Erica L. Satifka (themachinestops) wrote in paperzines,
Erica L. Satifka

black light diner distro, february 2011 update

Hey, just a friendly notice about the new zines available at Black Light Diner distro!!

ROOTS OF HOPE #3 (Portland, OR)
Korinna's second Latin America travel zine starts off with a visually stunning cover. Seriously, my jaw dropped when I saw it: every issue comes with a different glossy photograph with hand-written titles. This fat, text-heavy zine chronicles Korinna's travels through Colombia, Ecuador, and Peru. A stop in Bogota finds her searching for a Colombian boyfriend, and ending up discussing plastic surgery with Australians (I didn't know this, but Cali, Colombia is the plastic surgery capital of the world). In Ecuador, she has a life-changing experience on a commune and befriends a Finnish girl who will become her traveling partner for much of the rest of the zine. Korinna also discusses the widespread use of cocaine in South America, and the ways in which imperialism fuel the drug culture there as much as here. Pictures of street art and cityscapes accompany and enhance the stories, giving them depth. An epic zine for anyone who is interested in Latin American politics, travel, or mature analyses of anarchism. $3.50, quarter sized, 82 pages.

NO MORE COFFEE #3 (Galveston, TX)
Ben Spies' litzine contains five stories, running from only a few paragraphs long to novelette-sized. These minimalistic stories concern the everyday lives of ordinary people, confronted with situations from dying animals to dying relationships. The standout story is "Stagger Lee," an exploration of the effects of bullying on a high school science student. Spies' fiction is good enough to be in any literary journal, and is definitely one of the best litzines out there. $2, half-sized, 32 pages.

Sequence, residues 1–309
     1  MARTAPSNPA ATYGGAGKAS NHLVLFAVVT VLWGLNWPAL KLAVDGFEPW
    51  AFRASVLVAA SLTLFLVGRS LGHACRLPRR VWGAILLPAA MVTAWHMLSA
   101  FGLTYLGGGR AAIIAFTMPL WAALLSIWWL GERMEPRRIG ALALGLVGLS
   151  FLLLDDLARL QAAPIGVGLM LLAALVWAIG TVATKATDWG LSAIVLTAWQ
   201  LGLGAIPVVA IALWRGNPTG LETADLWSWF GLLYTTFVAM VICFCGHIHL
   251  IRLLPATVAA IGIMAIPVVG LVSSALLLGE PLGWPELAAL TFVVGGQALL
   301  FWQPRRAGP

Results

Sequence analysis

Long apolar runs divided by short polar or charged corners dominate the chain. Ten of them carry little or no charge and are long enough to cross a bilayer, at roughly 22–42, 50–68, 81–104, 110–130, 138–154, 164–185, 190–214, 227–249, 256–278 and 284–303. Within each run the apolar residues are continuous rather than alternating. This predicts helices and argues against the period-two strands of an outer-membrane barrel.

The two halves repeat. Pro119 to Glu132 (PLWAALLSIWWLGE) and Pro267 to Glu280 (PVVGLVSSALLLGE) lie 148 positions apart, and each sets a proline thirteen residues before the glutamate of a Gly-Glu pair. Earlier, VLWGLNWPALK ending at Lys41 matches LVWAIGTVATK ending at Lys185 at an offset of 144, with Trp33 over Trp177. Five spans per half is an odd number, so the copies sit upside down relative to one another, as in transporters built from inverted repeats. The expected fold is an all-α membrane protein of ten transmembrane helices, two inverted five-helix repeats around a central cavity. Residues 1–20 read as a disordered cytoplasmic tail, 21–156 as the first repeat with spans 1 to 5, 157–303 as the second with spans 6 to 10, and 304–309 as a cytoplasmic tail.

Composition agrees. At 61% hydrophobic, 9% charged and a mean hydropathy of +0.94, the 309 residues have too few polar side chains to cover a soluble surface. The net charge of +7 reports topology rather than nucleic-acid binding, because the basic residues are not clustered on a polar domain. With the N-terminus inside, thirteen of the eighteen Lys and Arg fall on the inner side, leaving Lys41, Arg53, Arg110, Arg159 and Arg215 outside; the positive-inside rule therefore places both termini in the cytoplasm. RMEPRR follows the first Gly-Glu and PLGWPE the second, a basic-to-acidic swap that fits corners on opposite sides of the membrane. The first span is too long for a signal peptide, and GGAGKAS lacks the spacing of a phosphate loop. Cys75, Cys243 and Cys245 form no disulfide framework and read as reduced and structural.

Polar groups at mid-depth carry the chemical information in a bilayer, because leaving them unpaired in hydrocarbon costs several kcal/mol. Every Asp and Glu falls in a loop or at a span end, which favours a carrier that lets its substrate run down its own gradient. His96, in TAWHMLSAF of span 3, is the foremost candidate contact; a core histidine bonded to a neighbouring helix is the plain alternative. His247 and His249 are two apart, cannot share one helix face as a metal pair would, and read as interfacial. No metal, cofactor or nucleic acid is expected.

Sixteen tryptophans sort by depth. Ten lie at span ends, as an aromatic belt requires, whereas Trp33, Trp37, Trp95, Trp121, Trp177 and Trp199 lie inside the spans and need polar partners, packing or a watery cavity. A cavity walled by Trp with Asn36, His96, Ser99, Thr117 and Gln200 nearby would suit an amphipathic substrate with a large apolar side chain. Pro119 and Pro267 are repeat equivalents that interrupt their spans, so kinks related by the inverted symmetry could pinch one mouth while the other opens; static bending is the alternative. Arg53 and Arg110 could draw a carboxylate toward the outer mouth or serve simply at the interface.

Rachel Lee-Carman's newest zine is an exploration of her childhood. Mostly handwritten, with illustrations, she touches on some of her neighbors, including a reclusive cat man she calls "Jon Arbuckle." Sketches of her friends and the local fauna and flora of her neighborhood paint an image of a happy childhood, though one complicated by a serious flood that forces her family out of their home. A light-hearted, nostalgic read. $2, half-size, 32 pages.

Also, I will be closing the distro to online orders after this summer. I don't really like the day to day work of coding a website, dealing with Paypal shopping carts, or any of the various other fiddly things that go into running a zine distro with an online store. I will continue to run the distro as a table-only venture. So if you don't live in the eastern US and want some zines from me, make sure to order!

Thanks for reading,
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